The etHALL Gallery has left the Raval neighbourhood of central Barcelona to relocate in L’Hospitalet, in the same building where NoguerasBlanchard, Ana Mas Projects and the Trama 34 artists collective are already established.

L’Hospitalet is well on the way to becoming one of the nerve centres of Catalan art, but what is the attraction for gallery owners and creators?

Jon Otamendi’s installation in etHall. Photo: @ArteEdadSilicio.

Considering the surroundings, I am sure that more than one person would have thought there was some kind of leak on seeing the jet of water hitting the plastic sheet which acts as the backdrop. But this is a thought that is immediately erased by the festive atmosphere and the crowds of people around what is not in fact a leak but an installation by Basque artist Jon Otamendi for the opening of the new etHALL in L’Hospitalet.

Eulàlia Rovira and Adrian Schindler performance in etHALL. Photo: Juan de Jarillo.

The choice could not have been better. “Otamendi’s work reflects the relationships between drawings and architecture, mechanics and nature, image and experience, hypothesis and reality. He uses these dichotomies to question the perception that exists on the outside-inside. In what kind of situations do they occur in a closed space or in the open air? What do we expect to find in art space and how does artistic practice relate to the market? And also the symbolic dimension. What will the audience’s interpretation be?” explains Jorge Bravo who opened etHALL in 2011 in the Raval, which after Carrer Consell de Cent and the Born neighbourhood seemed to be the new centre of art in Barcelona. Seemed because of the nucleus that grew around the heat of the Museum of Contemporary Art of Barcelona (Macba) only Àngels Barcelona remains.

The new etHALL is located in an old sweet factory and is the complete opposite of the white cube concept. The peeling walls, high ceilings with wooden beams and the curious windows with interior lattices are all clues to the line of the gallery: atypical, experimental and research projects which pay little attention to market demands, such as the works by Eulàlia Rovira and Adrian Schindler, Martín Vitaliti and Marc Vives which have livened up the opening.

Façade of the Isaac Peral street building, in L’Hospitalet. Photo: Mario Santamaría.

etHALL has located on the ground floor of the building in Carrer Isaac Peral 7, alongside NoguerasBlanchard, Ana Mas Projects and the Trama 34 artists collective, made up of Mario Santamaría, Matteo Guidi, Mireia C. Saladrigues, Diego Paonessa and Marc Serra, among others. “Here we can carry out projects that would be unviable in the centre where most of the budget goes on rent and we have never had so much space. Also, let’s not fools ourselves, strollers and tourists have never been our clients, and the only thing we have lost is seeing the odd friend who would stop by for a chat. Clients will come here the same as would go there”, assures Alex Nogueras, who was the first to take the jump, together with the Salamina Collective. Now it is calculated that over 250 artists, designers and architects form the pioneering occupants of the Freixa Building, the Fase group and well-known names such as Antoni Muntadas and Jordi Colomer, who has just opened La Infinita with producer Carolina Olivares and the poet Eduard Escoffet.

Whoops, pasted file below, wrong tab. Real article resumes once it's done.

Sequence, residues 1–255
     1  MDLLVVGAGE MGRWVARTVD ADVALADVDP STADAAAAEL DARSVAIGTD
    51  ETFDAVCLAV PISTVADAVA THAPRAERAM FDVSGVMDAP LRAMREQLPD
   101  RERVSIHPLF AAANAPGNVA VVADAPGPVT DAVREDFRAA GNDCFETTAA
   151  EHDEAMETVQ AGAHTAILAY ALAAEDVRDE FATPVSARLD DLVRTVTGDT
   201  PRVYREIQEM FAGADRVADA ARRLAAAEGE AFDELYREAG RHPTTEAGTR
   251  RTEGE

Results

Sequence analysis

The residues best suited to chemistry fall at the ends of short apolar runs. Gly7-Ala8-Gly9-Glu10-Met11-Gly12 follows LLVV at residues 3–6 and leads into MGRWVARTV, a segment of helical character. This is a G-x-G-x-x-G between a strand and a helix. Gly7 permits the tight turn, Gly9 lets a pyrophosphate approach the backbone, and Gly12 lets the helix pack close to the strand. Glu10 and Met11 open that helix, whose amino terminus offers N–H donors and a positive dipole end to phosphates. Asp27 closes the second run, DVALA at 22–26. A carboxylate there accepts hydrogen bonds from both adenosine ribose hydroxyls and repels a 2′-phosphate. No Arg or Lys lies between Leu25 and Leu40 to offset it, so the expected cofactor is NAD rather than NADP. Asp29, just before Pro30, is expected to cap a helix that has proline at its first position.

The galleries have at least tripled the amount of space they have and considerably reduced their costs.

It is true that L’Hospitalet reimburses 95% of building and occupation taxes for cultural industries and that the galleries that have moved there have at least tripled the amount of space they have and considerably reduced their costs. But the economic question is not the only incentive. This is underlined by Albert Mercadé, artistic director of the L’H Cultural District, a project conceived by Josep Ramoneda when the experts forecast that cultural businesses would leave Barcelona for the outskirts, where they could find bigger, more versatile and cheaper spaces. “My role is to be a mediator between the city and the sector. Based on its ideas and wishes, we produce a programme which has a budget of 200,000 euros and covers a range of initiatives, from participation in the Gallery Weekend and the Loop festival to exhibition in abandoned factory buildings and also public art”, Mercadé explains.

Ad Minolti in Nogueras Blanchard. Photo: @ArteEdadSilicio.

This is the case of the sculpture exhibition that Mónica Planes (Àngels Gallery) and Alejandro Palacín have just opened in the Plaça Europa as part of the Mobile World Congress. “The next project will be at the end of May with David Bestué and another eight artists who will offer a series of workshops and a participative exhibition in a corner of the Santa Eulàlia neighbourhood, says Mercadé, who also runs the Arranz-Bravo Foundation together with Tecla Sala –one of the main artistic institutions in this, our own little Brooklyn.